Children of parents who work abroad are more likely to rebel, drop out of school and abuse substances, study of the social cost of migration by Indians to Saudi Arabia finds. Surya Bhattacharya reports from Kerala
Hidden cost to children of migrant workers
The children of parents who work abroad are more likely to rebel, drop out of school and are prone to substance abuse, according to a study of the social cost of migration by Indians to Saudi Arabia.
While working abroad brings economic advantages for the families who are left behind - including higher standards of living, funds for a better education and food and a better lifestyle - less is known about the social impact of the separation.
With an estimated 5 million Indians living in the Arabian Gulf and sending billions of dollars back to India every year, the report raises question of whether the financial benefits come at a high social cost for their families.
The study of the living and working conditions of low and semi-skilled workers examined the impact on children of a lack of parental guidance and the breakdown of the traditional family network.
"Migration has the potential to result in real changes in the perspective, behaviours and physical, social and economic realities of the lives of children left behind," said the government-commissioned study, carried out by the research unit on international migration at the Centre for Development Studies in Kerala.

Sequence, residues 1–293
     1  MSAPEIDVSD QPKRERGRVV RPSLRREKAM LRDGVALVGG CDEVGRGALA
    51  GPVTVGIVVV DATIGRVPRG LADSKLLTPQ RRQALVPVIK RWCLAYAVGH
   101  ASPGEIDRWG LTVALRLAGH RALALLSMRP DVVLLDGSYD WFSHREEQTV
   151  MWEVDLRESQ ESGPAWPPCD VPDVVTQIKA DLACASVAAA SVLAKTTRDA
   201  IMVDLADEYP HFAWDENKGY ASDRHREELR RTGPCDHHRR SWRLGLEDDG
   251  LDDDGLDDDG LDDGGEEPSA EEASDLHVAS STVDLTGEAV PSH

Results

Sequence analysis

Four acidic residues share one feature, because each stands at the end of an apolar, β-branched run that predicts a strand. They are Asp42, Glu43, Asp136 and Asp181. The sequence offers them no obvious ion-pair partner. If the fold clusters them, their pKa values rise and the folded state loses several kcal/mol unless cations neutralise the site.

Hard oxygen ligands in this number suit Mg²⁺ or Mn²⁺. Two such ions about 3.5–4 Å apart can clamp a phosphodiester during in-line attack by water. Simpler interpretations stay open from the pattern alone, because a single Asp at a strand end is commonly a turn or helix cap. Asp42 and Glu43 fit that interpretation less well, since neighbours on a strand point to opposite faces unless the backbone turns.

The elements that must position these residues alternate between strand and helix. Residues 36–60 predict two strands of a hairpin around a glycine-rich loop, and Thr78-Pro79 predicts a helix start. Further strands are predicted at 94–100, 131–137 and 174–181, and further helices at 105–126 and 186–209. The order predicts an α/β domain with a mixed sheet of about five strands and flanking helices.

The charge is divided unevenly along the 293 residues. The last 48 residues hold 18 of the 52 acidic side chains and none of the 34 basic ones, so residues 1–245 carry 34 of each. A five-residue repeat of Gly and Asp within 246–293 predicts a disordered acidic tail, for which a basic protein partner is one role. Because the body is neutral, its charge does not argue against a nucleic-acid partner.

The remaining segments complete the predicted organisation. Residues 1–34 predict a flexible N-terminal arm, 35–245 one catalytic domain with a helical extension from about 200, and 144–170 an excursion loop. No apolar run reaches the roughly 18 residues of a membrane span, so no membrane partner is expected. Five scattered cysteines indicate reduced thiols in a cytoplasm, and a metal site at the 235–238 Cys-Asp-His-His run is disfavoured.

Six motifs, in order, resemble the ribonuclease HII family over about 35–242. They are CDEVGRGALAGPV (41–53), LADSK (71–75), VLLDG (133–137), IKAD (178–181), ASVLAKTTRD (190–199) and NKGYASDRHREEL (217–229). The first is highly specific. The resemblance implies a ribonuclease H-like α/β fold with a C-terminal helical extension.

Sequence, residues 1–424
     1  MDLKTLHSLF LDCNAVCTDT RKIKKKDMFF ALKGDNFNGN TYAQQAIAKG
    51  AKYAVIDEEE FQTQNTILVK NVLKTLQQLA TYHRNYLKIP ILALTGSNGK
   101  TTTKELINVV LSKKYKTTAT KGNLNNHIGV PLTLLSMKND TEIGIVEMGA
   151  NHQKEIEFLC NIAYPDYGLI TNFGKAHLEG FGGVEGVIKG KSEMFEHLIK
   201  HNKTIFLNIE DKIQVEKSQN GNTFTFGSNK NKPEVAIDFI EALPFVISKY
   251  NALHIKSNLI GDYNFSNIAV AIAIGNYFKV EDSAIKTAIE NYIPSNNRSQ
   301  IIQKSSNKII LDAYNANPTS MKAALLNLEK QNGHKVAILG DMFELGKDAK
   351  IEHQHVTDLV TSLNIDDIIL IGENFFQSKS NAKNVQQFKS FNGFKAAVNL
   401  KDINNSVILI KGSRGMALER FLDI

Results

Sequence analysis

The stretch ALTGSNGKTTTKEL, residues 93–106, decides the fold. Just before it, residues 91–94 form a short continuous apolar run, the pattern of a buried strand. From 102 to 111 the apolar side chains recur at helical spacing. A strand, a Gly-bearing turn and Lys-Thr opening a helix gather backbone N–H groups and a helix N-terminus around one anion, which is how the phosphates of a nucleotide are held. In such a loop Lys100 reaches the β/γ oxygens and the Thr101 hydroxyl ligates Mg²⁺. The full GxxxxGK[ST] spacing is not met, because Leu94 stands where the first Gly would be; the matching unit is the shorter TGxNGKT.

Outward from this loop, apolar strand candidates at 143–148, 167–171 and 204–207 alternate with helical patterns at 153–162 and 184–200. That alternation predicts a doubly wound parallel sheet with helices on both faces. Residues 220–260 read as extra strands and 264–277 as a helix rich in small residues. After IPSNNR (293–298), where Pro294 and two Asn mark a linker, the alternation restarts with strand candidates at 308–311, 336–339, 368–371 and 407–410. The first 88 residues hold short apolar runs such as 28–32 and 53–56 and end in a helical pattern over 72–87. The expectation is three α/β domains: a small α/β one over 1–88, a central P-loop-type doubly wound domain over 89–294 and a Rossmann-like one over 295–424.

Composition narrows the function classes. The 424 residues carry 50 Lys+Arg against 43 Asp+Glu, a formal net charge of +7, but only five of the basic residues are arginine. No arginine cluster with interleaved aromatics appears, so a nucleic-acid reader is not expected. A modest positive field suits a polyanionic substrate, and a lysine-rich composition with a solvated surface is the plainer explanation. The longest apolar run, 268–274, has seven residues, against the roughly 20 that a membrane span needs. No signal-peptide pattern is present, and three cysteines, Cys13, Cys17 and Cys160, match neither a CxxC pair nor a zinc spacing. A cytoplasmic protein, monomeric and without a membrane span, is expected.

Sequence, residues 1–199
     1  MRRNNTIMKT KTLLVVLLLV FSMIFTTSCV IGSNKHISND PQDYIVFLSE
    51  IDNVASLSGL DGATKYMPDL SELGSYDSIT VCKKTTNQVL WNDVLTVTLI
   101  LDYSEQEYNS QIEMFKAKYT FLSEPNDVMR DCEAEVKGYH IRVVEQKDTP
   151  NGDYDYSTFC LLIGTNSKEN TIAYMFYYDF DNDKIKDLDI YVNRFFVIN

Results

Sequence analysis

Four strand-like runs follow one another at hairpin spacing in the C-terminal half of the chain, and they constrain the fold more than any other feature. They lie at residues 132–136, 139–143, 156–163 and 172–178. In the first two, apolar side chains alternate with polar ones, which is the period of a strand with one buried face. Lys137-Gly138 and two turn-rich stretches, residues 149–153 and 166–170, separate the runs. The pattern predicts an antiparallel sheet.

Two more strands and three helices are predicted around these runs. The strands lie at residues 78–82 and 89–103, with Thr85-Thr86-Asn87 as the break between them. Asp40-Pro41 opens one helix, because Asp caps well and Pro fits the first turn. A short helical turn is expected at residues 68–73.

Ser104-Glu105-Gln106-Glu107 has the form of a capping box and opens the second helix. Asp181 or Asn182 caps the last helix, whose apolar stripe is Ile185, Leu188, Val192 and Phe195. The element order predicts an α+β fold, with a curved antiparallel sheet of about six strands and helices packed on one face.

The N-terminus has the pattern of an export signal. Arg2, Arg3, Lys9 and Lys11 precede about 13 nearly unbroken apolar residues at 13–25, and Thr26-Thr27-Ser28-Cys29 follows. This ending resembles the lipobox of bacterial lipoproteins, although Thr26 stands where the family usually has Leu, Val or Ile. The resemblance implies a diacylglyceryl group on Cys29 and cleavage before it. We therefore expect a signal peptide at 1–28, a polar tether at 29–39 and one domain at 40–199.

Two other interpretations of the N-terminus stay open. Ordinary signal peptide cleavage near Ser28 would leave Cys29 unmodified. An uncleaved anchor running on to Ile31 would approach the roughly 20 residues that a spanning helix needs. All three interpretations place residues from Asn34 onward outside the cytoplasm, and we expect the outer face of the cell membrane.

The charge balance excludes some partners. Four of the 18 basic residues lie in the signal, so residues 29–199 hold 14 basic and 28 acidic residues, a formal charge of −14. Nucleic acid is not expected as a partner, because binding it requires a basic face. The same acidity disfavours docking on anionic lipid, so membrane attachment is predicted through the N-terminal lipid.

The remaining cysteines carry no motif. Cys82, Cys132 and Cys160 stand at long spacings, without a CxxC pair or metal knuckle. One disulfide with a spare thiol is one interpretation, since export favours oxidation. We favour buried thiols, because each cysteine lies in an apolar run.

Saudi Arabia, was selected by S Irudaya Rajan, the co-author of the study, for its geopolitical importance and the significant size of its Indian migrant population.
In 2011, more than 289,000 Indians went to work in Saudi Arabia, according to the ministry of overseas Indian affairs.
Last November, the World Bank predicted that remittances to India would jump to US$70 billion (Dh257bn) last year, the highest in the world, thanks to the increase in money being sent from the Gulf.
"This much money is coming, at what cost?" asked Mr Rajan, a professor at the Centre for Development Studies in Trivandrum, Kerala.
"Wives don't see their husbands, children don't see their parents for years at a time. This aspect of migration has been neglected by the government and policymakers alike.
"There is so much focus on those who leave, on the migrants. We never talk about those who are left behind, what affect migration has on them," Mr Rajan added.
He said the school dropout rate among Indian families with a parent working abroad was about 50 per cent, compared with between 10 and 20 per cent overall in Kerala. Children studying outside of Kerala were not part of the survey.
"They don't want to go for higher education, they want migrate to the Gulf following the examples of their parents," said Mr Rajan.
The children's increased access to money that comes in from abroad can lead them to spend it on recreational drugs, he said.
"This aspect needs more research," he said.
The children were also the least likely to tell the truth about their daily lives to their parents, the study found, whether financial matters or disagreements with their siblings.
Instead, they focused their time on making occasional requests for gifts from the parents or lightly touching upon topics such as school and health.